Improved neurocognitive function after 20-minutes of exercise for children with, without ADHD
WEDNESDAY, Oct. 24 (HealthDay News) -- A single bout of moderate intensity aerobic exercise may improve neurocognitive function and inhibitory control for children with attention-deficit/hyperactivity disorder (ADHD), according to a study published online Oct. 19 in The Journal of Pediatrics.
Matthew B. Pontifex, Ph.D., from the University of Illinois at Urbana-Champaign, and colleagues examined the impact of a single bout of moderate intensity aerobic exercise using objective measures of attention, brain neurophysiology, and academic performance. Task performance and event-related potentials were assessed for 20 children with ADHD, aged 8 to 10 years, and 20 controls who performed an attentional-control task following a bout of exercise or following seated reading during two separate, counterbalanced sessions.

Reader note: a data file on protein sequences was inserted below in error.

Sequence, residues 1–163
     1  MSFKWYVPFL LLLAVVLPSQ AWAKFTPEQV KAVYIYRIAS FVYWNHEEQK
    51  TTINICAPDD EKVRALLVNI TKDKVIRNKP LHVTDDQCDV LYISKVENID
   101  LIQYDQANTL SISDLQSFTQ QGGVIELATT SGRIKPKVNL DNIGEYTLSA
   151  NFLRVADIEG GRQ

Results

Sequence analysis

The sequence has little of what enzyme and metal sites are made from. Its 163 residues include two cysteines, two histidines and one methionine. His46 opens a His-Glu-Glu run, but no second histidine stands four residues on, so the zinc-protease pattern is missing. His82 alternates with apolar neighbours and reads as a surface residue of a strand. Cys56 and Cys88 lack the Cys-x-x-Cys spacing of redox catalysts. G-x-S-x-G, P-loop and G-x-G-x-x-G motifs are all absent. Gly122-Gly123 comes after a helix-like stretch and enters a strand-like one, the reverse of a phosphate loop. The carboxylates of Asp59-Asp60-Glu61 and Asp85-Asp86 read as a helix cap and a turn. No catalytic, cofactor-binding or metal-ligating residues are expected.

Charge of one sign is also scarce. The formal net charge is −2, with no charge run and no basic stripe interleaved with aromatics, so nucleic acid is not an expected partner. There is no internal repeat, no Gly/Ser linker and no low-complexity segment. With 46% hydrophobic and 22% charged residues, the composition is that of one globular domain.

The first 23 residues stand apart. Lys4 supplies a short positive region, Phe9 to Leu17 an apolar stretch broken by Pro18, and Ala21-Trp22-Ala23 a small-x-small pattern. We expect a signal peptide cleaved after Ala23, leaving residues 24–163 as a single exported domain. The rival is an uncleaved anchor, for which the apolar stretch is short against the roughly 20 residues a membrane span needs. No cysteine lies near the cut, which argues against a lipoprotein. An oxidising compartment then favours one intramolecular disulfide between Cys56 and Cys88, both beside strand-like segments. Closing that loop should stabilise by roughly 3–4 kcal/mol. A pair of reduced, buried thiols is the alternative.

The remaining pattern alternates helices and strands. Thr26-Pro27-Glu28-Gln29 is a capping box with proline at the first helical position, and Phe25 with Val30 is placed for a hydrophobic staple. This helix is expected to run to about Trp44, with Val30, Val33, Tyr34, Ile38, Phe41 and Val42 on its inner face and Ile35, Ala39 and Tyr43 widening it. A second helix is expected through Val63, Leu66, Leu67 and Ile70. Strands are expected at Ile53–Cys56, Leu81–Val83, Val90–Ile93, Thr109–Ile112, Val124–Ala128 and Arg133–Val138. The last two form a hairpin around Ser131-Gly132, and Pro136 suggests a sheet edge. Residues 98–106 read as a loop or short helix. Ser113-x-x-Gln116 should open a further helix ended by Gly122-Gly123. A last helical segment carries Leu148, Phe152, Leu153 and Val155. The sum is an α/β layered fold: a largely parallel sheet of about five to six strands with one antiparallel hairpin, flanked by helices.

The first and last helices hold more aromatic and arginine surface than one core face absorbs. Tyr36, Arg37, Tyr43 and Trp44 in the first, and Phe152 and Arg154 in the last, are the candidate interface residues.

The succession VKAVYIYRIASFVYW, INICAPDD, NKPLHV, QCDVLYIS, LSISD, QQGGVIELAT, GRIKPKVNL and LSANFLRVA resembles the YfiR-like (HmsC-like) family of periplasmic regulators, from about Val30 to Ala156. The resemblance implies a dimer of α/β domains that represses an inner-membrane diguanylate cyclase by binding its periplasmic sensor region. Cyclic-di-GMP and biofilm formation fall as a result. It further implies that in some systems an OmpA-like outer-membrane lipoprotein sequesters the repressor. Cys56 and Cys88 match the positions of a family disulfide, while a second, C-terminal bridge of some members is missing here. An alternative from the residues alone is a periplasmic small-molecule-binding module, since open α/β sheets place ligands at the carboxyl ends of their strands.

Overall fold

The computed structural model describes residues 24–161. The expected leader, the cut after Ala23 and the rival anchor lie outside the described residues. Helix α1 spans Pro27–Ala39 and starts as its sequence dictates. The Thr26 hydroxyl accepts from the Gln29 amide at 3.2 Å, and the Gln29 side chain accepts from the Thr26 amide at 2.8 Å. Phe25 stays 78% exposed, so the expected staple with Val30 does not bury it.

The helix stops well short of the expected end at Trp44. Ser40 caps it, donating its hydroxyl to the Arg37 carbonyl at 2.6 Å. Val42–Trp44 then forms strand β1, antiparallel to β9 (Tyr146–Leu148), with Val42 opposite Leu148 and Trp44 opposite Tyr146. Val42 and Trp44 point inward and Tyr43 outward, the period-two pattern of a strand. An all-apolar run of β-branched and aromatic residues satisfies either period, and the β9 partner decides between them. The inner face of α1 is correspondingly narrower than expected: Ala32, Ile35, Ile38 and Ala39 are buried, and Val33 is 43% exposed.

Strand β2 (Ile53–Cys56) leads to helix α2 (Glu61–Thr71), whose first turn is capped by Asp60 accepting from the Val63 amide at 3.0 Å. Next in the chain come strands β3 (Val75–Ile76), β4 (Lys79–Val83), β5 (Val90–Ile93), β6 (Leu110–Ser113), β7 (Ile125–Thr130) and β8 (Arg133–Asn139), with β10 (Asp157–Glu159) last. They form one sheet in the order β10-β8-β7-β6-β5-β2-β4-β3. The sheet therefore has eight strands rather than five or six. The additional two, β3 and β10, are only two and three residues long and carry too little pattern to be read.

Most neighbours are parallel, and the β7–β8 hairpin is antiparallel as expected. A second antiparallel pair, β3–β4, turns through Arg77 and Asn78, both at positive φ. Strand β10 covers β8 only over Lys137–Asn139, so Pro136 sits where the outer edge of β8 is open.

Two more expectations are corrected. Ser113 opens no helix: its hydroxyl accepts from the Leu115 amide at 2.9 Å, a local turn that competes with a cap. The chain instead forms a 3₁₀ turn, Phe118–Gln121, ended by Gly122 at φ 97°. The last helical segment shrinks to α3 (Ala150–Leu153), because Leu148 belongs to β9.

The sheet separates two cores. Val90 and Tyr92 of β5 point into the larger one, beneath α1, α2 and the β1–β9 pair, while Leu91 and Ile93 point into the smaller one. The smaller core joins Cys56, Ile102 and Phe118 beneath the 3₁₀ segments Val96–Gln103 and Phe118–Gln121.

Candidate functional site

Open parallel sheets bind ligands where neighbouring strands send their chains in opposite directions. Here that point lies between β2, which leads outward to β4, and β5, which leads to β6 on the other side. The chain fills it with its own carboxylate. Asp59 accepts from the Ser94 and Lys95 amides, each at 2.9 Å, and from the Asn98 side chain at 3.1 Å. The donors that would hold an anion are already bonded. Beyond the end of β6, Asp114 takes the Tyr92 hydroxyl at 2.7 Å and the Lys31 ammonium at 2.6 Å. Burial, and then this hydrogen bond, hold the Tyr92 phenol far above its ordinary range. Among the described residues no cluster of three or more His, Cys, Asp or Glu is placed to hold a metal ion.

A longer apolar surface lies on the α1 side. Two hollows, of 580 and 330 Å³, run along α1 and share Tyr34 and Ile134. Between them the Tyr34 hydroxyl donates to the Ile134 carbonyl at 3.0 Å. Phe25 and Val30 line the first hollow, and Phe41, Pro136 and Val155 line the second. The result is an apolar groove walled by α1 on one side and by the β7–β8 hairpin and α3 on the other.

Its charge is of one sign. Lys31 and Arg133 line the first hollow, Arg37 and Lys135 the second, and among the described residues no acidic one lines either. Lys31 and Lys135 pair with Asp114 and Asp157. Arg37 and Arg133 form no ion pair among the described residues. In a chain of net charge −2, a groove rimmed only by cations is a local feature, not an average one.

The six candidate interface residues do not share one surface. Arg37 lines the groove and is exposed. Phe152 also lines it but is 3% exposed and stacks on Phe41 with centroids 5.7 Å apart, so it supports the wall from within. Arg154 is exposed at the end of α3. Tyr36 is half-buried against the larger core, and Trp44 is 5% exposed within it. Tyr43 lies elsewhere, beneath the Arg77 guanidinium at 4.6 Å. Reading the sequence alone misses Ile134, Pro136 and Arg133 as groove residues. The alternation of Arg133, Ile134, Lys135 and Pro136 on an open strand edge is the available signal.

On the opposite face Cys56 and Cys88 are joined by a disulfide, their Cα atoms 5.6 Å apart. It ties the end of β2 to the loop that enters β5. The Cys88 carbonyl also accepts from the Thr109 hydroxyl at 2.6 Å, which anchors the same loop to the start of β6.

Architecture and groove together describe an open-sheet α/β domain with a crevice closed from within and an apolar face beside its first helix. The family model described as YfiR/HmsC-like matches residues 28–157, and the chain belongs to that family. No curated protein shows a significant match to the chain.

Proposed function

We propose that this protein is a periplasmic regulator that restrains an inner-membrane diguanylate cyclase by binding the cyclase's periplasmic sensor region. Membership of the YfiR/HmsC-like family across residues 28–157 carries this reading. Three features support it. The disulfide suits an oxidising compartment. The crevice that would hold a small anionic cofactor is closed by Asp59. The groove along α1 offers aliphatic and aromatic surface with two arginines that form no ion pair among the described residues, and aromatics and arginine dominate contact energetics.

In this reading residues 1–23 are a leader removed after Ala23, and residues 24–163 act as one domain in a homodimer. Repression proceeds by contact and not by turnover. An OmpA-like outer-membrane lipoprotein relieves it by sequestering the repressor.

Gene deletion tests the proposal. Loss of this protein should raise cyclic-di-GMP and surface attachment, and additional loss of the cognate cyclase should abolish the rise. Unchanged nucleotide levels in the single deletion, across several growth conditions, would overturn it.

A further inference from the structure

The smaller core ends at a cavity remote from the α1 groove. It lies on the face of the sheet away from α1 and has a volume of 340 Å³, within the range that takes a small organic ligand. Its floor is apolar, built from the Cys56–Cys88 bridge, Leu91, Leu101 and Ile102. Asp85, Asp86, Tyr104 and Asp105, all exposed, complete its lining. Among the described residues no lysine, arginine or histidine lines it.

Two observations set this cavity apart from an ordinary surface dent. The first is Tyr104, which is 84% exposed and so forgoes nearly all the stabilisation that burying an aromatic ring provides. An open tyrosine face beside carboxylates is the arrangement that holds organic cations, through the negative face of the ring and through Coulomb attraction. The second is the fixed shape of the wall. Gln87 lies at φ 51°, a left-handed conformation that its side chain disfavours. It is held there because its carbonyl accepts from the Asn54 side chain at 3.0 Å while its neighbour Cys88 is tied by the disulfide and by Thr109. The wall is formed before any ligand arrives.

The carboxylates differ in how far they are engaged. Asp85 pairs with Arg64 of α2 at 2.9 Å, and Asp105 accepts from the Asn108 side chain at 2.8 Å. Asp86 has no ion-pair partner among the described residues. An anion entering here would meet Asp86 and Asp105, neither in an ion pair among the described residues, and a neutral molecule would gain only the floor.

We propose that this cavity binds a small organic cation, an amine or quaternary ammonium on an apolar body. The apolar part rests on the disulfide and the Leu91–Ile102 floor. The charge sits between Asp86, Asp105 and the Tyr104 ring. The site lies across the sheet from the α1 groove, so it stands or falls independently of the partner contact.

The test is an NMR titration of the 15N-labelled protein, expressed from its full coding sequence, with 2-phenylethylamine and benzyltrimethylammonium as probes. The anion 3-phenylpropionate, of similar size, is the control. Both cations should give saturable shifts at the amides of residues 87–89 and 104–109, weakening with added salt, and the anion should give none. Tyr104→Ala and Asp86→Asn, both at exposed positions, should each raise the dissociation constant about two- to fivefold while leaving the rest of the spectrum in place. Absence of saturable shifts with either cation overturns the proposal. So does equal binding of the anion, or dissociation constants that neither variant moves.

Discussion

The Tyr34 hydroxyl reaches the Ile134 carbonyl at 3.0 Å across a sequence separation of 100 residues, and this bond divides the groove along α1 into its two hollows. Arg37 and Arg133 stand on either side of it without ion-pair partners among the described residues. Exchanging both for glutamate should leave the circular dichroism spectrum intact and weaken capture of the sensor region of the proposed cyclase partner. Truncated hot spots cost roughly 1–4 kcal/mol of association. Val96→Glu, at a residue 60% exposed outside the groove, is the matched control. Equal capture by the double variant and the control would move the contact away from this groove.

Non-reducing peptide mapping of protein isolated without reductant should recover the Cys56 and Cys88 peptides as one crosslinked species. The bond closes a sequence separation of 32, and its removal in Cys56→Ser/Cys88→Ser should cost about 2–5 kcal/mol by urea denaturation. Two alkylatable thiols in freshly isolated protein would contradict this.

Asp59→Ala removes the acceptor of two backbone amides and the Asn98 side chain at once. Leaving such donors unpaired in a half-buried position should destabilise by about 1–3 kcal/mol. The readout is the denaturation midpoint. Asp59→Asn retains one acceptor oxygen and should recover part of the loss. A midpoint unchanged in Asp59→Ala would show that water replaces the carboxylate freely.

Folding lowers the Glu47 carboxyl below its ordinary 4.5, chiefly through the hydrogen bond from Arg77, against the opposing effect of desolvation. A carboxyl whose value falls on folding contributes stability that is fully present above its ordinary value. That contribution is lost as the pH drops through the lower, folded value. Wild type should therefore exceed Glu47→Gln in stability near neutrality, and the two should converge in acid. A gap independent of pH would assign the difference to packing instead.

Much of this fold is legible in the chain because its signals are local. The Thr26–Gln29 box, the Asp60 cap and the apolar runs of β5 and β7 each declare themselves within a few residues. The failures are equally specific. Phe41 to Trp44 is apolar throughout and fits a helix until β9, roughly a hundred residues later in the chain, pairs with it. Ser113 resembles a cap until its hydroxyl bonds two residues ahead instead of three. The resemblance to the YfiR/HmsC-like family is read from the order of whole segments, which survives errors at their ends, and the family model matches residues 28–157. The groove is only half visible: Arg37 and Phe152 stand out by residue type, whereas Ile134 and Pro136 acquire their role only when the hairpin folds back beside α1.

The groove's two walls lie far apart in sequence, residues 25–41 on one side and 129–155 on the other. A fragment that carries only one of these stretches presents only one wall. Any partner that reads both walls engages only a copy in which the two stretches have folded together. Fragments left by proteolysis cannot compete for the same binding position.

The researchers found that, for both children with ADHD and controls, following a single 20-minute bout of exercise, greater response accuracy and stimulus-related processing were observed. Compared with after a similar duration of seated reading, after exercise, the children with ADHD also exhibited selective enhancements in regulatory processes. Following exercise, both groups performed better in the areas of reading and arithmetic.
"Given that previous research has found that children with ADHD are less likely to participate in vigorous physical activity and organized sports compared with children without ADHD, our findings suggest that motivating children with ADHD to be physically active may have positive [effects] on aspects of neurocognitive function and inhibitory control," the authors write.
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